Pacific Time, Eastern Time, Greenwich Mean Time — and one day, perhaps, Moon Time?
With dozens of lunar missions planned for the years ahead — including ones to build bases and other habitats on the moon — it may be time for some synchronicity, according to the European Space Agency.
Time in space is usually calculated based on the time on Earth, but as different nations plan to operate on and around the moon, it may require a universal method for lunar timekeeping.
A standard, agreed-upon time zone for the moon will not only ease collaboration between space agencies around the world, but could ensure more precise guidance and navigation on the lunar surface.
There are, however, some significant hurdles, according to European space officials. For one, it’s not yet clear if a single space agency should be responsible for establishing and maintaining “moon time.” And if a new time zone is created, should it be tied to time on Earth, or function as its own thing entirely?
There are also debates about how to even figure out lunar timekeeping. Clocks on the moon gain roughly 56 microseconds per day (one microsecond is equal to one-millionth of a second), making them tick ever so slightly faster than clocks on Earth.
These tiny shifts also vary depending on location, which means clocks on the moon don’t necessarily run at the same rates as clocks in lunar orbit.
“Of course, the agreed time system will also have to be practical for astronauts,” said Bernhard Hufenbach, who works in ESA’s Directorate of Human and Robotic Exploration.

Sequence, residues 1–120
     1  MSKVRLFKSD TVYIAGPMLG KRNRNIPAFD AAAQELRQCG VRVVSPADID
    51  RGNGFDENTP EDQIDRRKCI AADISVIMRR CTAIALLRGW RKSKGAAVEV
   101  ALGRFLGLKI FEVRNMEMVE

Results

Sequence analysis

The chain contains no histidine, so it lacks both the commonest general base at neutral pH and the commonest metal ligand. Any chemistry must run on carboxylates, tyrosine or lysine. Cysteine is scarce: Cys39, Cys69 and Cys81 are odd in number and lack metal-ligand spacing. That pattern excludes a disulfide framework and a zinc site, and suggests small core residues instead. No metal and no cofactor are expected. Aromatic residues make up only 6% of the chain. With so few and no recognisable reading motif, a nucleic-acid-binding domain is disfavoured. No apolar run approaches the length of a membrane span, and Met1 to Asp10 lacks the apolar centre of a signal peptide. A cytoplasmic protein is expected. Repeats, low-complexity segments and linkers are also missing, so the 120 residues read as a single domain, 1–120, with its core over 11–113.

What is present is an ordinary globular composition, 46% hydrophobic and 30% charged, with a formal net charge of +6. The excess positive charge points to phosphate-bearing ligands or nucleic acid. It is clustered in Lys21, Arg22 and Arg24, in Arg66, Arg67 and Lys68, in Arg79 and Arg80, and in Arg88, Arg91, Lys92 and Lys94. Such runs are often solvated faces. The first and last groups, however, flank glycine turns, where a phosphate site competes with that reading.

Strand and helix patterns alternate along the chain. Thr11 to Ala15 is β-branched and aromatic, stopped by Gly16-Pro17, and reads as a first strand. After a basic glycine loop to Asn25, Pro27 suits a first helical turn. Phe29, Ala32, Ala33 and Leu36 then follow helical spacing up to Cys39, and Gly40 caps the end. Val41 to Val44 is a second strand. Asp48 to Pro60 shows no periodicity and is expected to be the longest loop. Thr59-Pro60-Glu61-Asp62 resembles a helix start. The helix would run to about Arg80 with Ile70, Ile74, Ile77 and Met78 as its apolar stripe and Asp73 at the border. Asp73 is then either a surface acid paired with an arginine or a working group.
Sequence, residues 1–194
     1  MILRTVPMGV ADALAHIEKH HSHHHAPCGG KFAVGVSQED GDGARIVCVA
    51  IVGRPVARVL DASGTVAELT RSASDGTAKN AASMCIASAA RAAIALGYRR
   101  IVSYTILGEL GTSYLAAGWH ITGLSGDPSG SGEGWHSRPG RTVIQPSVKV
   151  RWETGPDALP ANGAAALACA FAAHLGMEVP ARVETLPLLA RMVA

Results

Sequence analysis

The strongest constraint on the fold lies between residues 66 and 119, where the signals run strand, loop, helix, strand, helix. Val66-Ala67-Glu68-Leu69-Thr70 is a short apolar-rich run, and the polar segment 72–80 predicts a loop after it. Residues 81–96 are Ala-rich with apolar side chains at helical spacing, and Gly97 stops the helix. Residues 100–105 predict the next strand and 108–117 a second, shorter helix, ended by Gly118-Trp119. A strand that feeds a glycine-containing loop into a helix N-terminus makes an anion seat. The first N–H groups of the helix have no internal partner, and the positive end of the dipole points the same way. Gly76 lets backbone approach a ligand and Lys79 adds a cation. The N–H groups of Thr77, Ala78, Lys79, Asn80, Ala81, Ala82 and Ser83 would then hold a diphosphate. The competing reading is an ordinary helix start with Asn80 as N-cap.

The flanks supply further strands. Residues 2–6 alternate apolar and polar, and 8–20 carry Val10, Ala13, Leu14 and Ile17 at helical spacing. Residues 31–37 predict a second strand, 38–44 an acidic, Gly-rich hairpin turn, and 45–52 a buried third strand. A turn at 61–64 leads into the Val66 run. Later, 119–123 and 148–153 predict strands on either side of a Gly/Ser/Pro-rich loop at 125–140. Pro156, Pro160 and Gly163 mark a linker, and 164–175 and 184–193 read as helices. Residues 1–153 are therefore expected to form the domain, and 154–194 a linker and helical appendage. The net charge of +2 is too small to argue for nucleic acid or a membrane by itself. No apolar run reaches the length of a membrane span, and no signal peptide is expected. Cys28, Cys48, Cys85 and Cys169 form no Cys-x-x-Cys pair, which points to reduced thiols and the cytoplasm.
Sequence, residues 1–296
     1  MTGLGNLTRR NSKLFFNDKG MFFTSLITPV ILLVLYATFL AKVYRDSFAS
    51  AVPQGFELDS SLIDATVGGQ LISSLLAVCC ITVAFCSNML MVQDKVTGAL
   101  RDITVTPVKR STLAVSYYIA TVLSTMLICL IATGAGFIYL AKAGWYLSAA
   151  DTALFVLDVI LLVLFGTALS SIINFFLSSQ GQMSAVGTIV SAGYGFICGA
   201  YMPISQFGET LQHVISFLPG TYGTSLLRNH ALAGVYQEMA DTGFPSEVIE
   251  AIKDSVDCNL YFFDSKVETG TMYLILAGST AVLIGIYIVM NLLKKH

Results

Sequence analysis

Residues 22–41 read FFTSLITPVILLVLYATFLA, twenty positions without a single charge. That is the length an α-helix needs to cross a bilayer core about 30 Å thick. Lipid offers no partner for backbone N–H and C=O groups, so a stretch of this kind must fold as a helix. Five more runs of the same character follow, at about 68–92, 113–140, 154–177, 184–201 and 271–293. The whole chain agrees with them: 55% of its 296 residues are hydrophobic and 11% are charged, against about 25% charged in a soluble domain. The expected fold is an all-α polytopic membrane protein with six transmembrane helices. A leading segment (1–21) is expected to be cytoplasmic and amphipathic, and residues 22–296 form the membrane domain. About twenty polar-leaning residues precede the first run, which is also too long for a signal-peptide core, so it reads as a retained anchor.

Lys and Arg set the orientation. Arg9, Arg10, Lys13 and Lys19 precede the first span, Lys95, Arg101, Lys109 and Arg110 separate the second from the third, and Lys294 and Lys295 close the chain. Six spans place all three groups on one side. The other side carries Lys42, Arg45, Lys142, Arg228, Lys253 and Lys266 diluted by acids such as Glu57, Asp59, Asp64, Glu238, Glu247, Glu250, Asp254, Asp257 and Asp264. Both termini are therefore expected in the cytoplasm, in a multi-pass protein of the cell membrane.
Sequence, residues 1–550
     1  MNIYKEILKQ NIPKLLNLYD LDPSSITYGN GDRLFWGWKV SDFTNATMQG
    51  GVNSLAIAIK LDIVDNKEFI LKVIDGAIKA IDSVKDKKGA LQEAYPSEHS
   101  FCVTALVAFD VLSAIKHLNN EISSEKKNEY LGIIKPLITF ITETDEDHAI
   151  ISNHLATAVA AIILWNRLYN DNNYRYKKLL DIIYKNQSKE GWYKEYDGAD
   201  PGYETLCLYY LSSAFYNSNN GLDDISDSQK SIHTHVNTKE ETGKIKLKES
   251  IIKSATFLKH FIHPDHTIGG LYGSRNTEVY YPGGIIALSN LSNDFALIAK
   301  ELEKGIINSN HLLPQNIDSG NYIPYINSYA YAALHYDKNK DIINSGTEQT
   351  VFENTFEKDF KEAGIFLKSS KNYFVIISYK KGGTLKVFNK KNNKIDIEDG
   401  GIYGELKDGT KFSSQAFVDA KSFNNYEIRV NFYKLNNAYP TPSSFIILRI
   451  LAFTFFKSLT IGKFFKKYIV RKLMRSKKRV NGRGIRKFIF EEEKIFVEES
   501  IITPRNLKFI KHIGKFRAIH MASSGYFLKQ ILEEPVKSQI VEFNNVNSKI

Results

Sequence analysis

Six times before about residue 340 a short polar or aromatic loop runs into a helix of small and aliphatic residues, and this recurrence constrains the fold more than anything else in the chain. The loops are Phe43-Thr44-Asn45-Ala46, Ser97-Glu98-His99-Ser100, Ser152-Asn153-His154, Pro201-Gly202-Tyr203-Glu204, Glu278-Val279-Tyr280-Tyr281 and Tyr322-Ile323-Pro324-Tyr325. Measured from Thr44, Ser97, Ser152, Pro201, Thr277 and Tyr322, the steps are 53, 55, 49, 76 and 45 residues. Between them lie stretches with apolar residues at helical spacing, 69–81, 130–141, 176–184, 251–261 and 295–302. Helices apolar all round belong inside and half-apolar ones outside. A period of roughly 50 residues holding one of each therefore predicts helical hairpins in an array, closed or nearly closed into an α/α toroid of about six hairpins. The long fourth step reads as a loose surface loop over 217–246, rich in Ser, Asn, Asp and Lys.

“This will be quite a challenge on a planetary surface where in the equatorial region each day is 29.5 days long, including freezing fortnight-long lunar nights, with the whole of Earth just a small blue circle in the dark sky,” he said in a statement. “But having established a working time system for the moon, we can go on to do the same for other planetary destinations.”
But beyond astronauts and ground controllers being able to tell time on the moon, the need for standard timekeeping in space is also essential for guidance and navigation.
Just as GPS systems on Earth require precise coordination and timing, so too will any infrastructure that is built and operated on the moon.
Typically, missions to the moon use deep space antennas to keep onboard systems synchronized with time on Earth, but European space officials say this method may not be sustainable as humans establish a more permanent presence on the moon.
Many of these discussions are already underway as part of NASA’s “LunaNet” initiative, a project to develop technologies, techniques and standards for lunar communications and navigation. These efforts are a key part of the agency’s Artemis program, which aims to build lunar bases and launch regular mission to the moon before venturing on to Mars.
In November, space officials gathered at the European Space Research and Technology Centre in the Netherlands to discuss priorities moving forward.
“During this meeting ... we agreed on the importance and urgency of defining a common lunar reference time, which is internationally accepted and towards which all lunar systems and users may refer to,” Pietro Giordano, a navigation system engineer at ESA, said in a statement. “A joint international effort is now being launched towards achieving this.”